The way the bureaucracy saw it, they were found not to be competent.
Although the elected panchayat members were citizens who were supposed to design and implement local development, the task inevitably fell on the bureaucracy, whether it was a block development officer at the block level or the development secretary, Panchayati Raj, all the way up.
Soon the 73rd Constitutional Amendment was being overlooked if not sidelined. To illustrate, if one looks at the Tenth and Eleventh Plan’s chapters on rural development or even women and development, or any of the major sectors of development, this local self-governance institution does not feature in it at all.
The scheme, or what is called the pattern of assistance, is usually designed at the Centre during the plan- preparation process and then plugged into the funding system. From there the funding goes to the states departmentally.
It is then up to the state government to ensure that the 73rd Amendment Act is respected, and that some degree of inclusion is provided at the local level to persons elected to the panchayats. In actual fact, it is not necessary in the sense that the scheme is ready to be delivered.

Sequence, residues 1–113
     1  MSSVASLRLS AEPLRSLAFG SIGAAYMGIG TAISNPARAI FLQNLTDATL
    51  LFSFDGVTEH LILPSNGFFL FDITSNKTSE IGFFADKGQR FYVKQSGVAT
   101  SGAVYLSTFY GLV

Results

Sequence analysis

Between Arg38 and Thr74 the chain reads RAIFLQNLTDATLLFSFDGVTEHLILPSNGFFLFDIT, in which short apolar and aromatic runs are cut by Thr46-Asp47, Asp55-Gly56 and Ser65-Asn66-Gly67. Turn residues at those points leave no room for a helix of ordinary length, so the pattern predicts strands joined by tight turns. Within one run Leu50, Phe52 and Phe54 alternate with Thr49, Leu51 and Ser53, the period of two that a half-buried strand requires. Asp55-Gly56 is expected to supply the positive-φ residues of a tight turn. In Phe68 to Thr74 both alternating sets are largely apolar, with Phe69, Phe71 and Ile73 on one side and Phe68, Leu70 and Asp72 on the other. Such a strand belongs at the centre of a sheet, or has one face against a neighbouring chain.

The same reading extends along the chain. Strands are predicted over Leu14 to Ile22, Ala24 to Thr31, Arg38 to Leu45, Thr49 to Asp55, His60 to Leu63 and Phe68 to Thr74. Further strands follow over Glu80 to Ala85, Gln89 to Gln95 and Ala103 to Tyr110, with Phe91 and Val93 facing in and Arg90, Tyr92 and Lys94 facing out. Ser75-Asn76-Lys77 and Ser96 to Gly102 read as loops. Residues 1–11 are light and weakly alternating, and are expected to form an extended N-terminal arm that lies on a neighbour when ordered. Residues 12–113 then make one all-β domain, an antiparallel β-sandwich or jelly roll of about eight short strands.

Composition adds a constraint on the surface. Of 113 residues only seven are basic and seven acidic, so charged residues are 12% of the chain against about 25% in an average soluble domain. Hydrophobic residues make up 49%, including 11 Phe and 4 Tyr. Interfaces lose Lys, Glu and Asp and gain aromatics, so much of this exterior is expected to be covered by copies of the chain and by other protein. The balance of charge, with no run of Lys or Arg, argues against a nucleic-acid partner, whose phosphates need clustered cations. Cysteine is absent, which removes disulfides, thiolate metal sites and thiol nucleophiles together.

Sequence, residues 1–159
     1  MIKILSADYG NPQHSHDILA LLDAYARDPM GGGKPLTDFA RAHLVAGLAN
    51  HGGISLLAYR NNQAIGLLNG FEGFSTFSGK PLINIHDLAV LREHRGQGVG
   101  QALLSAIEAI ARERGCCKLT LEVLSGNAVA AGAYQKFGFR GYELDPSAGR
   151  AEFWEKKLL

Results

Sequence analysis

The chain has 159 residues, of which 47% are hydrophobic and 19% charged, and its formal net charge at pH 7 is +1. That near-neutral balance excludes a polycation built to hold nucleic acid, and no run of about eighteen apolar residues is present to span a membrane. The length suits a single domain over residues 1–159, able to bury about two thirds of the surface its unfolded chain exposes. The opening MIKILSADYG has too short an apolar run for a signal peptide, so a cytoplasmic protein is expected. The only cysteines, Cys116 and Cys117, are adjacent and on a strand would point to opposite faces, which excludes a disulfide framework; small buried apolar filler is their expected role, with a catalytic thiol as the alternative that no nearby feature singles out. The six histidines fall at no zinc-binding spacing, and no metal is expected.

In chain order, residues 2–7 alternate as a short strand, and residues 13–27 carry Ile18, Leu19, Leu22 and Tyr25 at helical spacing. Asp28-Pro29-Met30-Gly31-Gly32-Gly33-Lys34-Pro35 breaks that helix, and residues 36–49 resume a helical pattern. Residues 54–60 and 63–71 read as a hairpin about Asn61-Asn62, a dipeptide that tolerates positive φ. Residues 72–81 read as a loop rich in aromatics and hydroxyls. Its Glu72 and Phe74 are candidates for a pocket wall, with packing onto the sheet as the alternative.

A suggestion was made that it would be better to give untied funds, i.e., funds not earmarked for any particular purpose and that the earmarking of funds should be decided initially by the gram panchayat, going upwards to the district panchayat.
This method would have ensured that the funding matched locally required and locally defined objectives. But all evaluations seem to show that this schema does not work, which means going back to the technicians. That means going back to the bureaucracy.
Therefore, when the prime minister uttered the mantra ‘local!’ some revival of spirit took place in the hearts and minds of people of an earlier era, and it was hoped that local communities and local areas would define their needs and funding would go according to their design.